S&P Global Ratings predicts ringgit to bounce back 9pc by end 2024, sees no risk to sovereign rating

Malay Mail
Malay Mail

KUALA LUMPUR, Feb 22 — Rating agency S&P Global Ratings is forecasting a 9 per cent rebound in the ringgit by the end of this year, Bloomberg reported today.

The business news agency added that it does not see the currently depreciating currency as presenting a risk to Malaysia's sovereign credit rating.

“We do not see the depreciating ringgit as a risk to the sovereign rating,” Phua Yee Farn, a sovereign analyst at S&P in Singapore was quoted as saying.

He said the ringgit, which traded at 4.79 to the US dollar earlier today, is expected to climb to 4.40 by end 2024, and reach 4.30 by end of 2025.

Phua said Malaysia has a strong external position and is supported by a healthy amount of foreign reserves and a consistent surplus in its current account

Bloomberg also reported another agency, Moody's Investors Service attesting to the soundness of Malaysia's credit rating despite the ringgit's weakness.

Moody’s reportedly noted that almost all of Malaysia’s sovereign debt is denominated in the local currency.

S&P was reported to have estimated Malaysia's foreign debt at RM30 billion (US$6.26 billion) at the end of 2023, making up just under 3 per cent of its total sovereign debt.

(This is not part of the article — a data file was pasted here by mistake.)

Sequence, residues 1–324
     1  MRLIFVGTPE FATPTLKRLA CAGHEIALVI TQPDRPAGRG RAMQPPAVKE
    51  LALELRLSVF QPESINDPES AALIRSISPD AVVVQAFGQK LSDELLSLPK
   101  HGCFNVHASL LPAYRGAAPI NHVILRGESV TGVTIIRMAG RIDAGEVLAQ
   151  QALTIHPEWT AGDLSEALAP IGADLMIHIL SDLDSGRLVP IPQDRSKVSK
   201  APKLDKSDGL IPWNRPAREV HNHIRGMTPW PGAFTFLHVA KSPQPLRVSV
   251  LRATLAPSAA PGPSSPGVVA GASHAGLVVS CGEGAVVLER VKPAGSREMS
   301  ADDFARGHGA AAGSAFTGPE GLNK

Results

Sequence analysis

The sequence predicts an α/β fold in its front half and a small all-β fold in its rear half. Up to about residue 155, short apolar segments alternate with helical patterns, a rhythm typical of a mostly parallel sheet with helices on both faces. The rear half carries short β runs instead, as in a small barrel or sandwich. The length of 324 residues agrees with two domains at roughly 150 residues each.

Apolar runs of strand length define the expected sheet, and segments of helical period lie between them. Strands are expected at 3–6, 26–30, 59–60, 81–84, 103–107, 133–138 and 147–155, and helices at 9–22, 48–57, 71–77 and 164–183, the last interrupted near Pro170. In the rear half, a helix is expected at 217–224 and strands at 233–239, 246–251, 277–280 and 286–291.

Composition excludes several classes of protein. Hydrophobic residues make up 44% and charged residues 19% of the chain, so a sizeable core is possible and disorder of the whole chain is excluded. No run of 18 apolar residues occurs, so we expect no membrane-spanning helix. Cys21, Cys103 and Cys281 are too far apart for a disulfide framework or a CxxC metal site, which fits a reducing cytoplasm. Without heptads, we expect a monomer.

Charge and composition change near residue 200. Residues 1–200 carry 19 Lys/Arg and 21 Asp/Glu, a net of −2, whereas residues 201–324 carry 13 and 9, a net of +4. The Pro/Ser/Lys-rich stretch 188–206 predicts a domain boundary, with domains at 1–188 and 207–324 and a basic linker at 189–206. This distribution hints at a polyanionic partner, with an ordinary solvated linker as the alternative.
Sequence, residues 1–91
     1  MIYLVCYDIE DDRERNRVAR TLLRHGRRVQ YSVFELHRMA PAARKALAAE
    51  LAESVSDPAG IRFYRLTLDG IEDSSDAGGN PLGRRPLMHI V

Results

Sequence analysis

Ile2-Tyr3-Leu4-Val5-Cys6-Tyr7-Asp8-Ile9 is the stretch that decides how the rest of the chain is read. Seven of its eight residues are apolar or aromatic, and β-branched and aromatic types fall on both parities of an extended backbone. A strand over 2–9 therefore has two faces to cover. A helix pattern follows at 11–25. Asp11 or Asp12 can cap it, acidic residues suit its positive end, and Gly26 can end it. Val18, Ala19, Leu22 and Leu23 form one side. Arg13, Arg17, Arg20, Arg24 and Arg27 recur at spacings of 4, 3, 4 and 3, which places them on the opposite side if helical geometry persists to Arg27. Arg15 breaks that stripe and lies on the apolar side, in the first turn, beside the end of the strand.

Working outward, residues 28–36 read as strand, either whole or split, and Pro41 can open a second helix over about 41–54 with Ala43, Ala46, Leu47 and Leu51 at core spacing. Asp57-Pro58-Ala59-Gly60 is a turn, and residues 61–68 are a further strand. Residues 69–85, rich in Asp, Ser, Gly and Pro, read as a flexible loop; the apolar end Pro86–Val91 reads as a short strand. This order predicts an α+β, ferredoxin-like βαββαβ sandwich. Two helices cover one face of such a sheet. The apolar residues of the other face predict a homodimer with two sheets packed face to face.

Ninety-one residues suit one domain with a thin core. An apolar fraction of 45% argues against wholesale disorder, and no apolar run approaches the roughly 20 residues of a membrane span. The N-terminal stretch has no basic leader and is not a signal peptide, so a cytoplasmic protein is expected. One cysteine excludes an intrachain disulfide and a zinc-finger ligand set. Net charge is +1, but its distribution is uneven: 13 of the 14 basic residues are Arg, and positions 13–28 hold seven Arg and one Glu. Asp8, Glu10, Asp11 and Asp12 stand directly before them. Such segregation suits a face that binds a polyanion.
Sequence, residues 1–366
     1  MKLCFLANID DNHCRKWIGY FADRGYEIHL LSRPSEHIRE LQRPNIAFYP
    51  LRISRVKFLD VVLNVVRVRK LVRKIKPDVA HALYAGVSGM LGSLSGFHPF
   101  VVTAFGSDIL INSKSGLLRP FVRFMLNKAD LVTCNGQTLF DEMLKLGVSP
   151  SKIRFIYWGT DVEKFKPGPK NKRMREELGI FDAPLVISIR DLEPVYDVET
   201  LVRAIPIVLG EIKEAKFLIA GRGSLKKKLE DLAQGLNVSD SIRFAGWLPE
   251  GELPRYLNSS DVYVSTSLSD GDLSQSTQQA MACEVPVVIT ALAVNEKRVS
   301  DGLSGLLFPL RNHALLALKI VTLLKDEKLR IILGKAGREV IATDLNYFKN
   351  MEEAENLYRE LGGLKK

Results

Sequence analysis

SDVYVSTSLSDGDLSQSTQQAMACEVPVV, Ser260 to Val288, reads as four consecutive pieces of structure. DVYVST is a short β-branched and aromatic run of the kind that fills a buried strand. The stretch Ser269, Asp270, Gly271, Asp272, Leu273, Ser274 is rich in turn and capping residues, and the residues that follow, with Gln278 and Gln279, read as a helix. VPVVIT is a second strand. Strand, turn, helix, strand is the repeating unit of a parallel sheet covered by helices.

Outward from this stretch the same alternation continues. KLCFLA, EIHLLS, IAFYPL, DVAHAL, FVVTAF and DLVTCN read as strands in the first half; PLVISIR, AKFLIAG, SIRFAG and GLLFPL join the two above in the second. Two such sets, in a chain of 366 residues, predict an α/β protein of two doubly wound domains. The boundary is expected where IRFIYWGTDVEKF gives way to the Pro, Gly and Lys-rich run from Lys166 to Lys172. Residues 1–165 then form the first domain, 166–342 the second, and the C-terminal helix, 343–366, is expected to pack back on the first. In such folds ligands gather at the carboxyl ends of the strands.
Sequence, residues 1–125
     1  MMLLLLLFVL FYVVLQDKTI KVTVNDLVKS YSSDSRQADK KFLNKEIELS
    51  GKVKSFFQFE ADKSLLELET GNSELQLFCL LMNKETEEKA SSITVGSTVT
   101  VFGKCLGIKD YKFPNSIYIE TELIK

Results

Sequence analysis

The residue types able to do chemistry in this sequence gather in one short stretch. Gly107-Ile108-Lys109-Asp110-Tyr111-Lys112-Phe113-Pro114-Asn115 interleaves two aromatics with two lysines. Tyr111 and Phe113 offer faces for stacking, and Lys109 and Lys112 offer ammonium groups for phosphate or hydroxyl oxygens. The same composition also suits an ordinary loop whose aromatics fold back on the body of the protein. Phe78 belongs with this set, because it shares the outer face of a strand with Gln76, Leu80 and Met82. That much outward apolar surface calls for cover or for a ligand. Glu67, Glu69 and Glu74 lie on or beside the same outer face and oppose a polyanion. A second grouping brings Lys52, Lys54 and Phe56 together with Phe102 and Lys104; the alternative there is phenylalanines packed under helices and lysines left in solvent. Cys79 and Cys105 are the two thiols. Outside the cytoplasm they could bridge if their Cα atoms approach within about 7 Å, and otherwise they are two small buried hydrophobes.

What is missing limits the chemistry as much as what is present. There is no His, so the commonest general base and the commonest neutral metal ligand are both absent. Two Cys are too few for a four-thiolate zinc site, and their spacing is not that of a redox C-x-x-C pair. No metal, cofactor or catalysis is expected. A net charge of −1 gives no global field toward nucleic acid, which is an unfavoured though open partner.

Bank Negara Malaysia (BNM) said yesterday that the ringgit’s performance does not reflect the country’s economic strength even as it is now at its lowest level since the 1998 Asian Financial Crisis.

The central bank said the ringgit’s recent performance follows similar trends with other regional currencies, and attributed the slide to external factors like market adjustment to changing US interest rates and uncertainty around China’s economic prospects.

BNM’s statement came amid growing polemic over ringgit’s declines, which the Opposition blamed on the ruling coalition’s alleged poor economic management.

The central bank also said it expects the ringgit to appreciate this year, citing forecasts of an improving global economy, the government’s commitment to implement structural reforms. and the expected lowering of interest rates in advanced economies.